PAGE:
Rising Stars Auditions: A How-to Guide
Get excited, everyone – Rising Stars audition season is here! Whether you’re auditioning this weekend for our Beverly program, or next month for our Gardner or North Reading programs, you can rest assured that this post will tell you everything you need to know about our unique, thorough Rising Stars audition process!
Auditions of any kind can be nerve-wracking, even for the most experienced singers. So, our goal is to make your audition experience as enjoyable for you as it is for us. What’s a Rising Stars audition all about? Read on to find out!
First of all, it is important to remember that your Rising Stars audition is non-competitive. Meaning, you don’t have to worry about “getting in.” We take everyone. The auditions are simply a chance for us to meet and hear you. Since our camp program is a musical revue instead of a single show with a fixed cast, we choose the musical selections based on the talent we see in the auditions. So, you get to participate in a program that is tailored specifically to your strengths, and the strengths of your peers – how cool is that?!
The auditions are one-on-one appointments. You will not be singing in front of your peers (you’re welcome). You will be singing for me and Kim Lamoureux, our artistic director.
What to Prepare
For your Rising Stars audition, you must prepare some kind of solo selection. It does not have to be long – one verse and chorus is enough – but it does have to be memorized. Let me repeat that. THE SONG MUST BE MEMORIZED.
Acceptable genres for an audition song include musical theater, Disney, church songs, folk songs, or classical art songs. You should choose a song that will highlight what you believe are the strongest parts of your voice. The song should show us your comfortable range, and have a character that is suitable to your age and acting abilities.
Please please please, do not sing a pop or rock song. We have very good reasons for this stipulation:
1. Pop songs usually have a very small, low range. A song with a five-note range that sits in your vocal basement is not going to tell us very much about your voice.
2. Young singers usually just end up imitating the artist who sings the song, even if they are trying not to. We want to hear YOU, not an imitation of the pop star du jour.
3. Singing a pop or rock song with good technique is much harder than you think, and can put quite a strain on a young, inexperienced voice.
4. Our camp is musical theater, and while the lines these days between pop and musical theater styles are becoming increasingly blurred, we’d ideally like you to choose something squarely in the musical theater category to give us an accurate baseline of how you sing in that style.
You should come to the audition with the sheet music for your song three-hole-punched into a hardcover binder. This is for the pianist who will be playing for your audition. Yes, a real live pianist! No karaoke tracks please.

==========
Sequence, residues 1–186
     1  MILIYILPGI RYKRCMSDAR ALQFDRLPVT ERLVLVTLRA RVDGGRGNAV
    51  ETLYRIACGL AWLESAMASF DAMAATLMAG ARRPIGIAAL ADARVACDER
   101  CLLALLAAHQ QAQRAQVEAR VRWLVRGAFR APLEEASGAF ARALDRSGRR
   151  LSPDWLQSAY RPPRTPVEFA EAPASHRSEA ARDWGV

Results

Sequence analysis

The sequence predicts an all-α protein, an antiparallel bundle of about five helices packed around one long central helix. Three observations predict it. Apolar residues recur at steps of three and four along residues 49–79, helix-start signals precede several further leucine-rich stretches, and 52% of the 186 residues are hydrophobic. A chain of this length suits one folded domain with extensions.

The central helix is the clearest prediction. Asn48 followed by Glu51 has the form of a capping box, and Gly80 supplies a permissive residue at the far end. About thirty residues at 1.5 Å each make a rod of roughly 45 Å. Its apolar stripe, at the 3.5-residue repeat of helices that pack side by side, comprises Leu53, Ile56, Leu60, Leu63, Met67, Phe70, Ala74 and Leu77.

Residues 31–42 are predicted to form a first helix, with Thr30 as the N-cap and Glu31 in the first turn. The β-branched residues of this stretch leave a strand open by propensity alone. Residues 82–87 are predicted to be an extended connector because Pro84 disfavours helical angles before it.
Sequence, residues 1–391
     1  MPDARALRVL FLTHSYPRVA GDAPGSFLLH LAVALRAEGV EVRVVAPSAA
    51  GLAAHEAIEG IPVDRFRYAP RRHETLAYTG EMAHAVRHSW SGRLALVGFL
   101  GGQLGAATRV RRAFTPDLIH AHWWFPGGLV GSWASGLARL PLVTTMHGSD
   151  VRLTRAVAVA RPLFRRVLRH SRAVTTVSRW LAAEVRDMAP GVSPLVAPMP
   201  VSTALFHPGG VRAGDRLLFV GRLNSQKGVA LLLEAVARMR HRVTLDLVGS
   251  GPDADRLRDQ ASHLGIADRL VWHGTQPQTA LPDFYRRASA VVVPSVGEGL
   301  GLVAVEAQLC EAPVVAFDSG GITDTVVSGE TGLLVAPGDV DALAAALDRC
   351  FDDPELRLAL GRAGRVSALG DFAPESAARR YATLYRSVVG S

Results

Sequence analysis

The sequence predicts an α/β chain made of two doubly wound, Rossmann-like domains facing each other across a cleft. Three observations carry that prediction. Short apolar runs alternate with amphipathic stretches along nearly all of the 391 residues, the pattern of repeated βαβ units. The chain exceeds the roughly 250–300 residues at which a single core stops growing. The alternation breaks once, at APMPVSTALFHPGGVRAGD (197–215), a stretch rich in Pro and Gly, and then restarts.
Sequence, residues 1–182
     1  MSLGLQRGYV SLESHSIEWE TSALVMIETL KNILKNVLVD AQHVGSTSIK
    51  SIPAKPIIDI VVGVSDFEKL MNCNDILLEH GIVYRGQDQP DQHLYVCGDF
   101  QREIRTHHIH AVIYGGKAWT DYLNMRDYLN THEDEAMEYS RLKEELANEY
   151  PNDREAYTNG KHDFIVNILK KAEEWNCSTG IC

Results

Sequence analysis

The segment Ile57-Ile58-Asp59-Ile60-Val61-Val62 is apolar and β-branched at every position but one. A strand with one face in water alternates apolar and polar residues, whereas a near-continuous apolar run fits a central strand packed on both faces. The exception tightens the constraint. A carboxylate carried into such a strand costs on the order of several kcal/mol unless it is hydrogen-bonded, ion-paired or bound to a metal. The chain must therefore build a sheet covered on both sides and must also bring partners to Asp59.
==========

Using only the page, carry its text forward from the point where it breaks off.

During the Audition
First, we will do some simple stretching and breathing exercises with you. This warms your body up for singing, and also helps you to relax a bit.
Next, we will do some vocal exercises with you, which will give us an idea of your vocal range and comfort zone. If you’ve never done vocal warm ups before, you might feel very ridiculous at first, but don’t worry. We singers do these weird warm ups every day, so we will not think you are ridiculous.
After the exercises, we’ll have you sing the song that you’ve prepared. After you’re done, we may ask you to sing all or part of it again and change something about the way you sang it before. Don’t worry – it will be something simple, like stand up straighter, or smile more, or stop wiggling your fingers.
We may also ask you questions based on the info you provided on your audition form. Usually we’ll ask about your dance experience, or ask you to tell us about your experience playing other instruments if you’ve listed them.
What Are We Looking/Listening For?
1. Your voice. This means overall range, tone quality, and where you are most comfortable singing (high or low).
2. How well you respond to direction. For example, if we ask you to adjust your posture, or sing something slightly differently, are you able to adapt quickly?
3. If you adhered to the audition requirements. Was your song memorized? Did you pick the right kind of song? Did you three-hole-punch your sheet music? We’re more apt to bestow responsibility on you at camp (read: assign you a solo) if we see that you followed directions for the auditions.
4. Your personality! We want to get to know you! Believe it or not, aside from vocal quality, this is probably the biggest deciding factor for us as directors when we are choosing the camp repertoire. We want to choose pieces that you will have fun singing!
So there you have it. Haven’t scheduled your audition time yet? Be sure to get your registration in ASAP! Our registration deadlines are Wednesday, May 9 (tomorrow!) for Beverly; Friday, June 1 for Gardner; and Friday, June 15 for North Reading.
See you all at camp!